"The idea behind it is we go in to a customer and help them understand that SOA is not just an architectural style but real stuff, so they have to think about all the implications for their current infrastructure, and we score them in terms of readiness," Crupi said. "Were expressing the reality that you dont just press a button and say youre SOA ready. Ninety-nine percent of our customers have legacy environments, so theres a lot of wrap and reuse involved." Indeed, Kitty Hawk will feature Suns next-generation business integration infrastructure, JBR (Java Business Integration), based on JSR (Java Specification Request) 208, which Sun is leading. Speaking at a panel on JBI, Gordon Van Huizen, chief technology officer at Sonic Software Corp., said, "While JBI is a future spec, what were talking about here isnt entirely speculative."Meanwhile, Crupi said Suns primary competitors in the SOA space, BEA Systems Inc. and IBM, are focusing their SOA strategies "very much around products," including an integration server, while Sun is putting an emphasis on services. And although IBM also emphasizes services in its strategy, it differs from Suns approach, Crupi said. "Our strategy is not to come in and take over but to come in and augment and educate," he said. "We can incrementally and iteratively get you to SOA." Other tools involved in Suns SOA strategy include Java Studio Creator and a visual Web services designer that will enable rapid design of Web services. The tool will be made available through the Sun Developer Network, the company said. "With the announcement of Project Kitty Hawk, Sun makes the important step from offering only Web services tools to providing a true SOA framework to the marketplace," said Jason Bloomberg, an analyst with ZapThink LLC, of Waltham, Mass. "By creating a framework for exposing reusable services based upon a central registry, combined with an SOA management infrastructure that will enable companies to manage service versioning, service levels and security policies, Sun is quickly positioning itself as a viable alternative in the growing SOA implementation framework space. "The primary challenge Sun has, however, is their Java-centricity. In spite of the detente with Microsoft, any talk of .Net support is nonexistent or on the back burner. This Java worldview risks limiting Sun to selling only to Java shops, even though todays typical enterprise has a broadly heterogeneous infrastructure." T.N. Subramaniam, chief technology architect at RouteOne LLC, a Southfield, Mich., credit management provider, said, "We were forced into this direction by sheer business necessity." Suns competitors kept pace last week. Microsoft released new content for its .Net Architecture Center, including the companys Metropolis project, which is a model for building SOAs, said Charles Fitzgerald, general manager of platform strategies at Microsoft, of Redmond, Wash. Oracle, of Redwood Shores, Calif., bolstered its SOA story by acquiring Collaxa Inc. and gaining its BPEL engine. In May, IBM, of Armonk, N.Y., announced a series of SOA Design Centers that complement IBMs SOA software and services offerings. The Middleware Co., a division of Veritas Software Corp., in Mountain View, Calif., said IBM, Sun, Microsoft, BEA, in San Jose, Calif., and others have announced support for SOA Blueprints, a set of best practices for developing applications that use SOA. Editors Note: This story was updated to include information on Suns competitors. Check out eWEEK.coms Developer & Web Services Center at http://developer.eweek.com for the latest news, reviews and analysis in programming environments and developer tools.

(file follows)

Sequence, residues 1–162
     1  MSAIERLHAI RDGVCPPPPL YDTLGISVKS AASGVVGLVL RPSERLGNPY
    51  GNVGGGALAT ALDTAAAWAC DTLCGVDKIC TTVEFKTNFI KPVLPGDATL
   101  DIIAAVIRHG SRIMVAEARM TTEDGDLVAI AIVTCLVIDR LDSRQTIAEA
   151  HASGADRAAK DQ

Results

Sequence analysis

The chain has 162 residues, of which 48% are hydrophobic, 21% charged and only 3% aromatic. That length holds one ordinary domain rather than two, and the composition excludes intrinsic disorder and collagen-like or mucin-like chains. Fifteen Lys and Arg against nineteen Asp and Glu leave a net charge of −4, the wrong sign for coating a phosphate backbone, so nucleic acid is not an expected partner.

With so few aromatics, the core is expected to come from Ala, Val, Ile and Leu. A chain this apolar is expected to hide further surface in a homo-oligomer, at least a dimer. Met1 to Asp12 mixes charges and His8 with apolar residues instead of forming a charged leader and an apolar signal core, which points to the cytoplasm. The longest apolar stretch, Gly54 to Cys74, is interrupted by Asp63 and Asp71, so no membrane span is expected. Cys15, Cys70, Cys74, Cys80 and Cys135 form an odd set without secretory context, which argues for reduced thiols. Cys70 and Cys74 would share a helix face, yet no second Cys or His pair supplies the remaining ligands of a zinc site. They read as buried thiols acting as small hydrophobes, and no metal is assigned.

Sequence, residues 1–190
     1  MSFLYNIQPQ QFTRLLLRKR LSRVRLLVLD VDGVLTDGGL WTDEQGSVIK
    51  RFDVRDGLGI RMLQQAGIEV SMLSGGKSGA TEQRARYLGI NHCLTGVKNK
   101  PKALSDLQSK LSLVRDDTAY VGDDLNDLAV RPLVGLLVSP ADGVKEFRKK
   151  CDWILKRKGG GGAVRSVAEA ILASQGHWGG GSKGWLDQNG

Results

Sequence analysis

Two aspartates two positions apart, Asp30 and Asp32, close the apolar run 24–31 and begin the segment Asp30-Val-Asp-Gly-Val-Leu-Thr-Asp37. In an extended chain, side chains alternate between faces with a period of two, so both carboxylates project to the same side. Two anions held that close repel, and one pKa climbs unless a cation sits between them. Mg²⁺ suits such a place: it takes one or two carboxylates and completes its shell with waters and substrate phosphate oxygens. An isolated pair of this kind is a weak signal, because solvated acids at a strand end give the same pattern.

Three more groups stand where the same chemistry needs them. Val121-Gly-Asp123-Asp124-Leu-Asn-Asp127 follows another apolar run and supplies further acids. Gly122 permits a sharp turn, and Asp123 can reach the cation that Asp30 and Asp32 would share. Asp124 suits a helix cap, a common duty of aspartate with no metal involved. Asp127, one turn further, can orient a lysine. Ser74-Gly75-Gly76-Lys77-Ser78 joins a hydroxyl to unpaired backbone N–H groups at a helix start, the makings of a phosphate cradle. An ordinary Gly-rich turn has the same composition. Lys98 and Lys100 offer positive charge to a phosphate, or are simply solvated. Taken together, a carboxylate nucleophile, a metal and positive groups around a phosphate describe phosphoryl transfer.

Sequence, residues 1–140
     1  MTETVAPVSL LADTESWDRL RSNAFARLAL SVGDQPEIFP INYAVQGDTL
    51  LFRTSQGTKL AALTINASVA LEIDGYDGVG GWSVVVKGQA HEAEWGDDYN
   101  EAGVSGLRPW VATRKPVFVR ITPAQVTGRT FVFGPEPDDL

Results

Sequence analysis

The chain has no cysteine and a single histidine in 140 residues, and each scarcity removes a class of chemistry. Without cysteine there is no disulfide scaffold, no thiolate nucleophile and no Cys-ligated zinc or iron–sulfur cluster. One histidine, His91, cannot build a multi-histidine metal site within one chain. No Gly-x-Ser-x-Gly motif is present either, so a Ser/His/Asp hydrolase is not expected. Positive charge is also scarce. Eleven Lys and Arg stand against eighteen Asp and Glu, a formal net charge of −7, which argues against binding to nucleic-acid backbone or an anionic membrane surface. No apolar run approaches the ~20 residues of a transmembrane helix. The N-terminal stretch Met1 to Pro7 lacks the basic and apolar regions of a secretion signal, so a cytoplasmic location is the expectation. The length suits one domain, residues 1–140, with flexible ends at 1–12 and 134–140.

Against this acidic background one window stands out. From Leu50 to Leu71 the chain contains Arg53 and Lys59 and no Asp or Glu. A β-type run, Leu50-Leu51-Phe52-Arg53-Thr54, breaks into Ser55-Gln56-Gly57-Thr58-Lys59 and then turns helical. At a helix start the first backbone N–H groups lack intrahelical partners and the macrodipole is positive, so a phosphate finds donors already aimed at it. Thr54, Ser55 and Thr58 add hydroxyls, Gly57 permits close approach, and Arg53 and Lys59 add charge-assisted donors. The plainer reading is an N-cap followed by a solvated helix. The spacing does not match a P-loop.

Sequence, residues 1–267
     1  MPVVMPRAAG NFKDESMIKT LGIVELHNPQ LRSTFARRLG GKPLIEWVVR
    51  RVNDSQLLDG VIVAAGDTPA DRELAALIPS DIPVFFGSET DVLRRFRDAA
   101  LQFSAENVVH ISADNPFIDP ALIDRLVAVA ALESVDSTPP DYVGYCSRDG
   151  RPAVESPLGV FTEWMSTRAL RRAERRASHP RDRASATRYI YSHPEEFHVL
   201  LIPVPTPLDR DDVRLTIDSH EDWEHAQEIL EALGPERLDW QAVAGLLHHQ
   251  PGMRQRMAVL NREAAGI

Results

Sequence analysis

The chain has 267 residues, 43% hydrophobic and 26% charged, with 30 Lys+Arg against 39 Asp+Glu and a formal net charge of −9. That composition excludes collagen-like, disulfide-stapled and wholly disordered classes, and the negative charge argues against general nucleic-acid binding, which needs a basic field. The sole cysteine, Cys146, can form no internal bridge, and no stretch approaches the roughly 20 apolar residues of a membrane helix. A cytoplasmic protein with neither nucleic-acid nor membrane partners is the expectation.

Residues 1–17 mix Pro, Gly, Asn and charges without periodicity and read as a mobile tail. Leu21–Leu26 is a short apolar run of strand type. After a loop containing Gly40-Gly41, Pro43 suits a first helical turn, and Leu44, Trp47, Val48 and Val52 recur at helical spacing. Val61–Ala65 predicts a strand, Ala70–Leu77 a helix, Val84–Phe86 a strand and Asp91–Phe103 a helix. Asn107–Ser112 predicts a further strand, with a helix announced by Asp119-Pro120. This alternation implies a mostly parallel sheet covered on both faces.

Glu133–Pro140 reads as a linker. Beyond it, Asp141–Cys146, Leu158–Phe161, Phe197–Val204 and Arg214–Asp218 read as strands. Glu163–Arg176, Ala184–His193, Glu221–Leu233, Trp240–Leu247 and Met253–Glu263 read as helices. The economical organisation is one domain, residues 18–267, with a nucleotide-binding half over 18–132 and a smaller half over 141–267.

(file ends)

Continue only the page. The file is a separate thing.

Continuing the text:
Mark Hapner, a Sun distinguished engineer and one of the leaders of the JBI specification, said, "I think that developers in the end want the freedom to construct their applications with a mixture of technologies. This is one of the important things about Web services and SOAs. You want to capture the semantics of a service and have that as a separate artifact. And developers want to deliver these services in a way that benefits their flexibility."